517 Frenchman Street
New Orleans, LA 70116
Napoleon's Rating - **/*****
When you're up late and you haven't eaten in hours, a greasy feast of pub grub might seem like a great idea, even if somewhere in the back of your head you know it'll prove a regrettable choice come morning. Here's where 13 Monaghan (sometimes just called 13) can offer some rare late-night solace. A combination of a diner and a bar, this hole-in-the-wall joint turns out some surprisingly healthy, refreshingly offbeat fare into the wee hours. It's established its niche as the place for a tofu po-boy or a roasted vegetable plate even at 3 a.m.
Found along the busy strip of Frenchmen Street clubs and bars, this space is long, narrow and dark, even at mid-day. The big, attractive, wood-trimmed bar followed by the open, diner-style kitchen speak to 13's dual-identity. Some people come in simply to drink at the bar and try a round of video poker, while others make a meal of it. It's a clean, neat dining room, though one major problem is insufficient venting for the kitchen, which often sends out wafts of smoke that can make the eyes ache. Note that because of video poker, customers must be at least 18 to enter 13.
Though generally on the ball, service tends to be a little gruff and offhand here, a common consequence in places where the staff has to juggle bartender and waiter duties. Service also can fall off as the dining room gets crowded and the hours tick on. By the time the inevitable after-midnight rush begins, the staff can get overwhelmed and food is often flung your way.
A quesadilla stuffed with more potato and roasted pepper than cheese makes a handy first course to share. Prepared with wheat tortillas and abundant spices, it tastes more like a stuffed Indian paratha than a gooey Tex-Mex bar snack. Another standout appetizer is called "tater tachos," which seems like a natural enough result of putting a short-order cook in the same room with tatter tots and quesadilla fillings. Covered with cheddar, black beans and jalapenos, the dish serves the same function as nachos but is much more filling. Even the standard salad here is better than the pub-meets-diner atmosphere might suggest. The mixed greens are crisp with plenty of spinach and arugula.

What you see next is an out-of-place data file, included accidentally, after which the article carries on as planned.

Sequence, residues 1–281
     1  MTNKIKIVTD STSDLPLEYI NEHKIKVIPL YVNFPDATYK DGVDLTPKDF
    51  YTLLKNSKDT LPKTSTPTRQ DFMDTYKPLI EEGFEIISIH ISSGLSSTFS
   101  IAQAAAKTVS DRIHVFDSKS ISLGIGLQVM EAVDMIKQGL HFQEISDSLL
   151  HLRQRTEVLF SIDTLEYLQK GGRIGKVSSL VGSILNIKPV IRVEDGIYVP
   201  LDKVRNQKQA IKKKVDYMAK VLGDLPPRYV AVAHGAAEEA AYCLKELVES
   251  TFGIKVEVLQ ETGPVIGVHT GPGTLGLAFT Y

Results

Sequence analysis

You can get a respectable Italian deli sandwich at 13 with salami and capicola, an open-face turkey melt or even a link of boudin sausage. But the best eating here is usually vegetarian, regardless of your feelings about meat.
The black bean veggie burger steals the show and has the crossover appeal of a good falafel sandwich. Served on crusty French bread, the "burger" is really more like a spreadable hash of black beans, rice and seasonings than a patty. It's crisped around its edges, slicked with mayonnaise and dressed with cheddar and has great texture and flavor.
13 is one of the few local non-Asian restaurants that serves a good slab of tofu. Baked, dusted with herbs and served on multi-grain bread, the basic tofu sandwich is fine, but the BBQ tofu sandwich is much better. The mild-tasting bean curd is dense and moist, dosed with a sweet barbecue sauce and served on a length of po-boy loaf. Load up the hot sauce and you really have something here.
Doubling as a bar, 13 can provide you with a properly-poured pint of Guinness or a Irish coffee to accompany that tofu sandwich. The bar stocks all the whiskeys you'd expect to find at a self-respecting Irish pub.
With nothing on the regular menu is more than $10, you can get a bite and wet your whistle at the bar here for under $15.
Somewhere between a diner and a pub, 13 is a haven for vegetarians where the chalkboard special might still be a pulled pork quesadilla. In a town where vegetarians and the health-conscious tend to measure success at a restaurant by the number of choices they have, the casual, cheap, late-night options here are worth a few accommodations.